Meet Demelza Palmer, a second year British Wildlife Conservation student at the Royal Agricultural University who is currently with us at Stotfold Mill and Nature Reserve on work experience as part of her university course. Here’s a snapshot of what Damelza has been up to.
When I first heard that as a part of my university course I would have to complete a period of work experience my mind immediately filled with ideas of a month spent improving my identification skills, and being “at one with nature”. After just one week working at Stotfold Mill and Nature Reserve I have not been disappointed.
My first day at the mill was so rich in wildlife that it felt as though it had been specially orchestrated to welcome me! I arrived at the mill in the morning, enthusiastically early for my first day, and was greeted by a fantastic display by the kingfishers swooping over the water as I stood at the bridge opposite the mill watching the river. The excitement did not end there! As I walked through the second meadow I stopped practically every step to look at a butterfly or other insect, and was impressed by the raucous, chirping song of the grasshoppers, rising up from the grass either side of the path. I have since managed to get a good look at a number of varieties of grasshopper in the meadow but on my first visit was distracted by my mission to take a photo of one of the many species of butterflies that were fluttering about over the medley of wildflowers. A mission that a week on, still evades me…
As I walked further into the reserve towards the hide I stopped to admire the swans with their cygnets and the ducks with their ducklings. I attempted to coax the ducklings over with some persuasive quacks but this seemed to deter them more than attract them. I had much better luck with the bird hide, where over the course of the week I have seen kingfishers, moorhens, woodpeckers, willow tits, and many more.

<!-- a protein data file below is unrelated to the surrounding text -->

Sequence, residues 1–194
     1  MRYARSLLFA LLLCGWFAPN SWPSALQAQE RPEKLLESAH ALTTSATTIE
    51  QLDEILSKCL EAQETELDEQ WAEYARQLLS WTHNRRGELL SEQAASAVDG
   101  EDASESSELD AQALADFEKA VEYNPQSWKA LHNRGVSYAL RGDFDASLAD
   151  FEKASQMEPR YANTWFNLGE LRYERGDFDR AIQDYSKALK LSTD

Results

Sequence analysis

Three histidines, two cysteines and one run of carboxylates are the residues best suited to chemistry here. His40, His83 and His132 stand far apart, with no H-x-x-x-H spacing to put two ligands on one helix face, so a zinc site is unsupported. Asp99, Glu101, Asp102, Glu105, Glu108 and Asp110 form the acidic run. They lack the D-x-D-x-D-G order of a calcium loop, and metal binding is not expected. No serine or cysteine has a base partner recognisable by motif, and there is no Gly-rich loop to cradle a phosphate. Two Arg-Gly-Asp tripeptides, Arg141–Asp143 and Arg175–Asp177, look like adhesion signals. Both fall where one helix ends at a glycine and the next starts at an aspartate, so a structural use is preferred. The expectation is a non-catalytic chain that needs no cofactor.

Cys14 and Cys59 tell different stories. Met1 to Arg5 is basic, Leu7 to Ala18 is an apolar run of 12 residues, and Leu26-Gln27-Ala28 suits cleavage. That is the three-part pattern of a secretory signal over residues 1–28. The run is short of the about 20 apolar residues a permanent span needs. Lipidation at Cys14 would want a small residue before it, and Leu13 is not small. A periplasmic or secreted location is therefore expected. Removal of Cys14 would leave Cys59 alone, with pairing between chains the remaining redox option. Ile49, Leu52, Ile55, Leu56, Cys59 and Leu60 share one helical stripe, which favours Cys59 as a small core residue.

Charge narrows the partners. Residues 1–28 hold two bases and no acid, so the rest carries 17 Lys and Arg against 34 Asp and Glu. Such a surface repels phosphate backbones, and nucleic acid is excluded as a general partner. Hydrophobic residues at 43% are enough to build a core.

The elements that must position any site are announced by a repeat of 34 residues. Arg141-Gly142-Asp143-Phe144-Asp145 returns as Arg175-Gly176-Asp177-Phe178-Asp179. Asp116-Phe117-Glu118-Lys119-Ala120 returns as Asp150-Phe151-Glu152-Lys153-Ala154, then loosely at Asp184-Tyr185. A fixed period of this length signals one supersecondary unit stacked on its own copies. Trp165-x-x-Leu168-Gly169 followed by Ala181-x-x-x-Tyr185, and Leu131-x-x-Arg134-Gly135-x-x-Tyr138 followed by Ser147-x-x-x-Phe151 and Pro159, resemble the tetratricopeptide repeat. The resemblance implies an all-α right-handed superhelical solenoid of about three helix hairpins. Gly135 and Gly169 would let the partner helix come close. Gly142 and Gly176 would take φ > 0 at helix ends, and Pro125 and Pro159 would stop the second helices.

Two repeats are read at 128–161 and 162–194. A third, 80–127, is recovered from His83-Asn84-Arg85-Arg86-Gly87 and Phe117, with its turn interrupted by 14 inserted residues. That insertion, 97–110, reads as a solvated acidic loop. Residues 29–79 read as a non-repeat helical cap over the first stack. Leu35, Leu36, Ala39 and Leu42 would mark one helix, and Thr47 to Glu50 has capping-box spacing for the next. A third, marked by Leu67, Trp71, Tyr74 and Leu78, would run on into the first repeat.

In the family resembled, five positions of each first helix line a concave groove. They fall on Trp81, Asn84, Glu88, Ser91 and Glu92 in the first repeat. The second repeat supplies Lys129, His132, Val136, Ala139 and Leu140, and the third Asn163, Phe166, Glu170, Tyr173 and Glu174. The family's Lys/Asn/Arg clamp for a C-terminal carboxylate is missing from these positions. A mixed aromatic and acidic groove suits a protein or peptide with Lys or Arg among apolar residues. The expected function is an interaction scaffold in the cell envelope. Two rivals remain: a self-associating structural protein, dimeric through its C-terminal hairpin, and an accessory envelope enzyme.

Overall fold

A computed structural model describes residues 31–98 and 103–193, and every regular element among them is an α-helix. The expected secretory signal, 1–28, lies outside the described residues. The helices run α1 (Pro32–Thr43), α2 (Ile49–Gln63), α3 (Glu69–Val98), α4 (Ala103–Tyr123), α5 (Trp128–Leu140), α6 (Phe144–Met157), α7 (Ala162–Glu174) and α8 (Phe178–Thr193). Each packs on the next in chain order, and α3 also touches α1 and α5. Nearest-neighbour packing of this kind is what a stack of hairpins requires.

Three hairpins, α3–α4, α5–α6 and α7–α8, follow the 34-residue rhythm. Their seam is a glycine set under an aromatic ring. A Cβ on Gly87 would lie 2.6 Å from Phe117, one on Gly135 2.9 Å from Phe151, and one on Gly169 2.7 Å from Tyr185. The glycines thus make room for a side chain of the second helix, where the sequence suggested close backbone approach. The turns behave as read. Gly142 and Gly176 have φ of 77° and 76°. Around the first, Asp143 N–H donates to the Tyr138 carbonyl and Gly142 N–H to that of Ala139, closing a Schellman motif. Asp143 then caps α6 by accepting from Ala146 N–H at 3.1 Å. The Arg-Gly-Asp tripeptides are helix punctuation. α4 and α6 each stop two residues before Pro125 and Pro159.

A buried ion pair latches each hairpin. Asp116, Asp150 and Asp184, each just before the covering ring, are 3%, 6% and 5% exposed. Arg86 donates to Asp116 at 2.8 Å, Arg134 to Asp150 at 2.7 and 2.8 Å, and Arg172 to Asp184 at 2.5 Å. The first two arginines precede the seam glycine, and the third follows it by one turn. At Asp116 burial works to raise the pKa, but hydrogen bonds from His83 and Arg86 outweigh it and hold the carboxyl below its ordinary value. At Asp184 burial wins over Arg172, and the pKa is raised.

After an interlude in the bird hide, I trotted on my way along the winding paths until I arrived at what has since become my personal favourite spot on the reserve. Although I’ve been told by long standing mill volunteers that the pool at this spot is called “the scorpion pond” on account of the water scorpions that have been found there, I can’t seem to shake from my head my name for it. So to me it continues to be referred to as “the dragonfly pool”. While I have always been fascinated by these stunning jewel toned creatures, I have never had much opportunity to observe them in their natural habitat. As a result of this, in my first week I spent many a happy afternoon settled in the grass watching the dragonflies and damselflies darting over the water. There are only 57 recorded species of Odonata (dragonflies and damselflies) in Britain, since being at the mill I have seen three different species of dragonfly and even more different species of damselfly at this pool alone! Perhaps it is the biologist in me, but I have found this to be an exciting and enjoyable way of expanding my knowledge of this mysterious and beautiful group of insects.
Overall I believe my first week at Stotfold mill and nature reserve has been hugely successful! I’ve had ample opportunities to meet new and interesting people amongst my fellow volunteers, but also (and perhaps more relevant to my degree!) I have been able to immerse myself in nature and have experienced a number of magical moments by coming in closer contact with Britain’s wildlife than I have anywhere else. Through speaking to local people I have met on the reserve I’ve realised that Stotfold nature reserve has become a sanctuary not only for plants, insects, and animals but for humans too. And I’m sure many frequenters of the reserve will agree with the Gerard Manley Hopkins quote that I always find myself thinking of in the rich diversity of the reserve, “Long live the weeds and the wilderness yet”!